Wherever you lay your hat – A guide to room hunting

For the past week or so, I’ve been doing something really, really dumb. Instead of going to sleep at night, I’ve been laying in bed wondering where I’m going to live for this season in Goa. I’ve been mentally going through all the places I looked at last time (and there were a LOT) and putting them into piles of ‘definitely maybe’, ‘maybe’ and ‘heck no’. The reason why it’s pointless? There’s no point in me worrying about it until I get there. Absolutely none. Even if I looked online, the reality probably wouldn’t match up and anyway, room hunting is all part of the fun. So, not that I’m an expert or anything, but here are my tips:

1. Don’t plan ahead
If you’re used to going on a standard holiday and pre-booking your hotel, your instinct will be to try and find somewhere to stay for when you arrive. One of the things my friends and family said when I told them I didn’t have a clue where I’d be staying was ‘OMG, I could never do that’. Everything in you will want to pre-book a room but my advice is: don’t. The reasons are:

– As I mentioned already, things look a lot better on photos. Even with the likes of Trip Advisor, you still just don’t know and how many people end up booking into a place they have to stay in for ages that ends up being crap? I bet it’s more than a few. It’s always better to see the place and its location first.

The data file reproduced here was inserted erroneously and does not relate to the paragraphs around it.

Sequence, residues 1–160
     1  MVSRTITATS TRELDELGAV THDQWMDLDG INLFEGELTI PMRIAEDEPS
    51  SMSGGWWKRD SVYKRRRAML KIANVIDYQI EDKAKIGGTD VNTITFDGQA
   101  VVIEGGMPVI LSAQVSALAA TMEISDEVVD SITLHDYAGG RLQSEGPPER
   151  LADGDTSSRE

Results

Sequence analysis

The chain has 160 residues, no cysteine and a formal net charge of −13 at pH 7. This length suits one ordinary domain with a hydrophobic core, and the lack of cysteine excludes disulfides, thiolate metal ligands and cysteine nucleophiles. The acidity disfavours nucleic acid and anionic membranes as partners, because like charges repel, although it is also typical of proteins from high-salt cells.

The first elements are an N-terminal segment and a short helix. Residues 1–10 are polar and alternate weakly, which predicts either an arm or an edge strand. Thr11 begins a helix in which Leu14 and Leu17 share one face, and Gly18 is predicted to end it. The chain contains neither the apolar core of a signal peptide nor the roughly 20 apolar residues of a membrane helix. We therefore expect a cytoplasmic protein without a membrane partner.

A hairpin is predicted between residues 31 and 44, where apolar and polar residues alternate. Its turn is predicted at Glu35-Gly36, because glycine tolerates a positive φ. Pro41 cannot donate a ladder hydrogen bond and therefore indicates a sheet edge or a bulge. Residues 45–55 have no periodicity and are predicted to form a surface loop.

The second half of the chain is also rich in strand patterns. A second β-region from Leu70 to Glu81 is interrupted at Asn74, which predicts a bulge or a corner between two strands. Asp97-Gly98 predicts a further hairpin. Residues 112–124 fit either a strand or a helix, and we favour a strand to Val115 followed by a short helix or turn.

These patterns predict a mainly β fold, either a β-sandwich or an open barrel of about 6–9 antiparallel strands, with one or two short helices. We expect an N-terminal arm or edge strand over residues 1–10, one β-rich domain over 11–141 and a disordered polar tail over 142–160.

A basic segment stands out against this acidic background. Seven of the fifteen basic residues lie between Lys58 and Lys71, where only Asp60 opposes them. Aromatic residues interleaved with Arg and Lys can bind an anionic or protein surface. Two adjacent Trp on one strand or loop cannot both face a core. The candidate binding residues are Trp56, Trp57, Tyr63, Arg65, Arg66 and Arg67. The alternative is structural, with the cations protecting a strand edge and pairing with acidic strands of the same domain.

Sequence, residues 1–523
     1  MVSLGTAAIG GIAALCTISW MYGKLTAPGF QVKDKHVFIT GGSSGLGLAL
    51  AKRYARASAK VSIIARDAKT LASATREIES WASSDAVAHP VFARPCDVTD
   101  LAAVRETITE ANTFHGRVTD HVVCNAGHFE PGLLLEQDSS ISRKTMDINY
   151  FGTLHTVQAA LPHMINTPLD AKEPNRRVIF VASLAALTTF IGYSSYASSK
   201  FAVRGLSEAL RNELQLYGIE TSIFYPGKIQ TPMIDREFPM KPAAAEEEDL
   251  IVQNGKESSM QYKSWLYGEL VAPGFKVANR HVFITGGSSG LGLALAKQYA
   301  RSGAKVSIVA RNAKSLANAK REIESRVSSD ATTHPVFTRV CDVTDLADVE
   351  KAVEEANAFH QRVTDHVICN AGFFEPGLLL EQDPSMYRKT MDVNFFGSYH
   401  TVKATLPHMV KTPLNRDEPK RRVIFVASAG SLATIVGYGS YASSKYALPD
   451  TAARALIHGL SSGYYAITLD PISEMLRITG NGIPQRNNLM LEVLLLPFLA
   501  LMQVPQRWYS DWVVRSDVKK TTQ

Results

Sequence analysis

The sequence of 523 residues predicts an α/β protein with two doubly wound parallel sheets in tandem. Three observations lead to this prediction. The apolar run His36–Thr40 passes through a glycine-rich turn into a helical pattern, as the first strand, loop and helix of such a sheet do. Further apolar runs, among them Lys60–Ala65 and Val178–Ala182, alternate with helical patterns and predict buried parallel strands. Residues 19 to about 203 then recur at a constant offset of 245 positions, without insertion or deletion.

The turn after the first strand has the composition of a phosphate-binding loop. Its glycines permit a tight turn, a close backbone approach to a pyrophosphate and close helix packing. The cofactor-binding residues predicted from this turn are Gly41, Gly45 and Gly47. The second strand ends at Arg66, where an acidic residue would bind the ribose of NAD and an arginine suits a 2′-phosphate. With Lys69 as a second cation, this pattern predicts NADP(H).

– You might miss out on something great. Getting tips from fellow travellers is always a good hit. They’ll tell you where to avoid and where to go.

The only time I’d say this doesn’t apply is if you’re getting into a location in the dead of night.

2. Adjust your expectations
This definitely applied to me. Having only ever stayed in hotel rooms and one empty dorm beforehand, I was a bit miffed at the ‘state’ of the rooms I first looked at in India. But after a while, I just came to realise that I had to change my expectations, and so will you. You’re not staying at the Ritz, you’re backpacking. If you can find a room with your own bathroom, hell if you can find a place with hot water, you’re ahead of the game. As long as it’s clean, has a bed and is secure, then your bases are covered. That being said, it does depend where in the world your going. You might have to make do with a sleeping bag on the floor but, hey, whateves, it’s all part of the experience!

3. Location, location, location
There’s a reason this phrase is so well known. That’s because it’s true!! Your own personal preferences will come into play here, but for me personally, I can’t do dorms and I don’t like to be right in the middle of things. I like to be close enough to walk into the hustle and bustle but far away enough to be able to chill without constant noise. I moved A LOT in Goa, and I went from being right on the main road and being kept up at night by rumbling motorbikes outside my door to a room in a house backing out onto a field with cows roaming around. I way preferred the latter. On the subject of location, it goes without saying that you want to be safe. Finding somewhere that isn’t isolated and well lit is always a good bet, however hard that may be. This is the house I ended up living in – The Purple House.